On the back of the performance of their first Metso twin cell, tandem train unloader commissioned in 2008, Fortescue awarded Metso Mining and Construction a contract to supply two more identical systems.

The first of the two new unloaders (TU602) was commissioned ahead of schedule in mid-September and the second (TU603) in November 2012.

Veldsman says it was crucial that TU602 was delivered on or ahead of schedule and that the ramp up had to go well, because the business was experiencing a “real bottleneck” when it came to unloading trains.

“It was delivered two weeks early, which was fantastic. The original ramp-up schedule was meant to be eight weeks, but we shortened that to six and we did it in four,” he said.

The early delivery of the second train unloader resulted in Fortescue being able to dump 580,000 tonnes of unbudgeted ore in September, said Veldsman.

According to Operational Readiness and Commissioning Manager, Mark Shirley, the company is benefitting from the additional capacity of TU602. Even though it is not yet needed for full time use, TU603 is already playing an important role.

As well as catering for future expansion of the company’s production capacity, TU603 provides overall system redundancy in case of any problems occurring with the other unloaders.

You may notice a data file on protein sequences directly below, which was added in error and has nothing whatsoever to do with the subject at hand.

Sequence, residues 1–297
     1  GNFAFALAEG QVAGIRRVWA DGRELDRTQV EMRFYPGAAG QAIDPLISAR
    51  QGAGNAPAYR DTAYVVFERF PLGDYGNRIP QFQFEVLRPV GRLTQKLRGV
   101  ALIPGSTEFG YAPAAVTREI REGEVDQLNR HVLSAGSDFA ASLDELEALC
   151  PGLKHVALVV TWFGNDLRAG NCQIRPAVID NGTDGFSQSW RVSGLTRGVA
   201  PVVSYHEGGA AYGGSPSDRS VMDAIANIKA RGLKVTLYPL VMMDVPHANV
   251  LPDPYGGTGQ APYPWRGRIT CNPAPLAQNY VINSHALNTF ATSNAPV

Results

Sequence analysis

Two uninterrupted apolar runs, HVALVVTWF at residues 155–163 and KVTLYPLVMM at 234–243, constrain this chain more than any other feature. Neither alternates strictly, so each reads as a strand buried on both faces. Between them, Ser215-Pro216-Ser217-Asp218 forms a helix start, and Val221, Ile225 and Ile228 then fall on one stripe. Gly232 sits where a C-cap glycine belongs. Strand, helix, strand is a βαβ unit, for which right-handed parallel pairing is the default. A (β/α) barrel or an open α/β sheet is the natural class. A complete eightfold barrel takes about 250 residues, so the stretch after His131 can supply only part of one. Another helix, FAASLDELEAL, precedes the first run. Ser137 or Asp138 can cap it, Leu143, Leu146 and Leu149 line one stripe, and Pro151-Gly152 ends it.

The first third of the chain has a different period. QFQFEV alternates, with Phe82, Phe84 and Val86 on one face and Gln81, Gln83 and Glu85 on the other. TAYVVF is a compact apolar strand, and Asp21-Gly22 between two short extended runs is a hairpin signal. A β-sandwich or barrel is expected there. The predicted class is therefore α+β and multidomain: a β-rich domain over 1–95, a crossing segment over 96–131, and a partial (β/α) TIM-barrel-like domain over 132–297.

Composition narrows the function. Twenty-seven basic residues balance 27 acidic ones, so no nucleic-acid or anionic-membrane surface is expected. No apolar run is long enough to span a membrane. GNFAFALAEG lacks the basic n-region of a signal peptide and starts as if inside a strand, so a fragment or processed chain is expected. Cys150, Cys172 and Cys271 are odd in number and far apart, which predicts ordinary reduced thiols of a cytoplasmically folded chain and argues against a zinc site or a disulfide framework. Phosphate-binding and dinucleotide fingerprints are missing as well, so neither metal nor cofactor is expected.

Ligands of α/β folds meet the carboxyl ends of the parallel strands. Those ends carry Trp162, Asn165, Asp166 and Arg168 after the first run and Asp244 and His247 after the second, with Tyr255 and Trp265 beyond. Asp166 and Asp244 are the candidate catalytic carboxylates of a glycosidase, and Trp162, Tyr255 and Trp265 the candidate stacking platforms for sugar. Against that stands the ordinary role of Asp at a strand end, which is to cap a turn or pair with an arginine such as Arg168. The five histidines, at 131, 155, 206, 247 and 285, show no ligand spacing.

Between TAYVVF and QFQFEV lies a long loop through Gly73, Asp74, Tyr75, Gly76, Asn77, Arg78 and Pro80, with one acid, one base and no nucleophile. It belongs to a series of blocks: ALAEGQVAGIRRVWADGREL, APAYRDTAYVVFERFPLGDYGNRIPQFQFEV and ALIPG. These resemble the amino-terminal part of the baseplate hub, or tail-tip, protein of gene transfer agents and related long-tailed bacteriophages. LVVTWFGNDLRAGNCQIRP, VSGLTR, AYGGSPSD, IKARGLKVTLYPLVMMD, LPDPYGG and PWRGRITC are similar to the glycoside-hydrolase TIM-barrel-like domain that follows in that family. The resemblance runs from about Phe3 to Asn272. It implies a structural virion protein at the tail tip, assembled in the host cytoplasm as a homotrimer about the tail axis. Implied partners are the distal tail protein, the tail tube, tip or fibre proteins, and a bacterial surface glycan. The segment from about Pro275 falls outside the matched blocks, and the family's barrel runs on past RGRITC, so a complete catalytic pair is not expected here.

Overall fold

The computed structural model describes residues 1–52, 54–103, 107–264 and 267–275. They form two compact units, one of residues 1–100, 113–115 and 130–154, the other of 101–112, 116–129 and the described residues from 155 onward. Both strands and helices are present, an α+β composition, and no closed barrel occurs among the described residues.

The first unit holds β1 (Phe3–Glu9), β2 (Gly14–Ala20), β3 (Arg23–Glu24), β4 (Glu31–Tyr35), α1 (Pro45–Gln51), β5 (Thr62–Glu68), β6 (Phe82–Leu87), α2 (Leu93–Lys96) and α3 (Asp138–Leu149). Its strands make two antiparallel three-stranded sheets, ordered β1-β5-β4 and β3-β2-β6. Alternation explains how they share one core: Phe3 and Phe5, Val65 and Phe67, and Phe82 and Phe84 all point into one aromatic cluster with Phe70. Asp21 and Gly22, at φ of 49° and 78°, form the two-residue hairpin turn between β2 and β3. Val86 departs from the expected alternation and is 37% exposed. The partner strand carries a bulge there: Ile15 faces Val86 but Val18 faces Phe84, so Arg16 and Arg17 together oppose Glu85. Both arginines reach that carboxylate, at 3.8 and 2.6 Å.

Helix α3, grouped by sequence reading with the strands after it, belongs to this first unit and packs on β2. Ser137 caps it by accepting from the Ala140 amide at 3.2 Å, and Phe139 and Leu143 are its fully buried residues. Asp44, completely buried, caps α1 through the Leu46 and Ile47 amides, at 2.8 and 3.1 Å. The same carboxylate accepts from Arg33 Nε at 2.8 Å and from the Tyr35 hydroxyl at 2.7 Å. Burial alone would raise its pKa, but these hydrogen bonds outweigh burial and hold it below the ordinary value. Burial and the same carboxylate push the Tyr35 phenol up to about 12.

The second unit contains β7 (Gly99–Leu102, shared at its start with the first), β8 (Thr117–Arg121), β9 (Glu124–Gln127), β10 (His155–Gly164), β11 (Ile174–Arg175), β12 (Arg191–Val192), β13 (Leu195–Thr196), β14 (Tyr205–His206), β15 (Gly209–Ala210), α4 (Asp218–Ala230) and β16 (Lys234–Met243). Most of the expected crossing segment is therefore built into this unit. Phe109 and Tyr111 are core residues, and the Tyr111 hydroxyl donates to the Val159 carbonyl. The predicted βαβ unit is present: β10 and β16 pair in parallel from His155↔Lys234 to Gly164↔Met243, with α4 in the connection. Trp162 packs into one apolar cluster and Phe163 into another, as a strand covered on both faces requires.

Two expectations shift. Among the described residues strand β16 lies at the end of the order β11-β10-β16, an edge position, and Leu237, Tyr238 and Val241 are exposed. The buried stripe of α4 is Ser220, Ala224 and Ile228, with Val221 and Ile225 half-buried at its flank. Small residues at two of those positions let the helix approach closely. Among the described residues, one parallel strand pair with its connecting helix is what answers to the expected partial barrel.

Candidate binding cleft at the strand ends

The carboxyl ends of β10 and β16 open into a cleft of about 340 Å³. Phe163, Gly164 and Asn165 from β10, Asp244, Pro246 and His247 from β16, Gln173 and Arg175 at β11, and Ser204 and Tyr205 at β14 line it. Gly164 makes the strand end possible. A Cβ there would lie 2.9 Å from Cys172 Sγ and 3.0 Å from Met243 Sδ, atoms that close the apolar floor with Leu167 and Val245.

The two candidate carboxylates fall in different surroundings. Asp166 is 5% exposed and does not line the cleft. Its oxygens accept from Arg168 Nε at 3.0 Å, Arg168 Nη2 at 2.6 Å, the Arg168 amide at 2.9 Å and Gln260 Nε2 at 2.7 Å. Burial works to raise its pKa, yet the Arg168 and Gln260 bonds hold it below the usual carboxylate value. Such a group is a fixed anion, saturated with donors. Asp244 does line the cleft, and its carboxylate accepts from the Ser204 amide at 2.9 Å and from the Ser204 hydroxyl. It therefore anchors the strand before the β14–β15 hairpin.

“Train unloader two is hugely important to the business, taking us to between 110 and 115 million tonnes capacity. TU603 is also one of the critical parts in our supply chain; if you’ve only got two train unloaders and you lose one, you’ve lost 50% of your capability,” said Shirley.

Veldsman agrees, adding that the installation of the two new train unloaders represents a significant part of the company’s move to expand their Herb Elliott Port facility.

Operators use a SCADA interface to monitor and control the process.

Operators use a SCADA interface to monitor and control the process. 

Trains arriving from the mine sites are moved through one of the unloaders. During unloading, two wagons are simultaneously unloaded every 90 seconds.

The unloader clamps and then inverts the wagons, rotating them through 150 degrees. This is done without uncoupling the wagons as each pair of wagons has a swivel coupling at either end.

Prior to each operation, the wheels of the train are locked in place to prevent the train moving during the rotation cycle.

The contents of the wagons are dumped into a chute that feeds an apron feeder which transports the ore onto a conveyor feeding one of the facility’s stackers. The stackers create the port’s stock piles which are later consumed by reclaimers that feed the company’s ship loaders.

Unloader composition and functionality

Each unloader consists of three main parts; the indexer, the tippler and the train holding devices. 

The indexer is a rail-mounted vehicle which is dedicated to advancing the train through the unloader, two wagons at a time.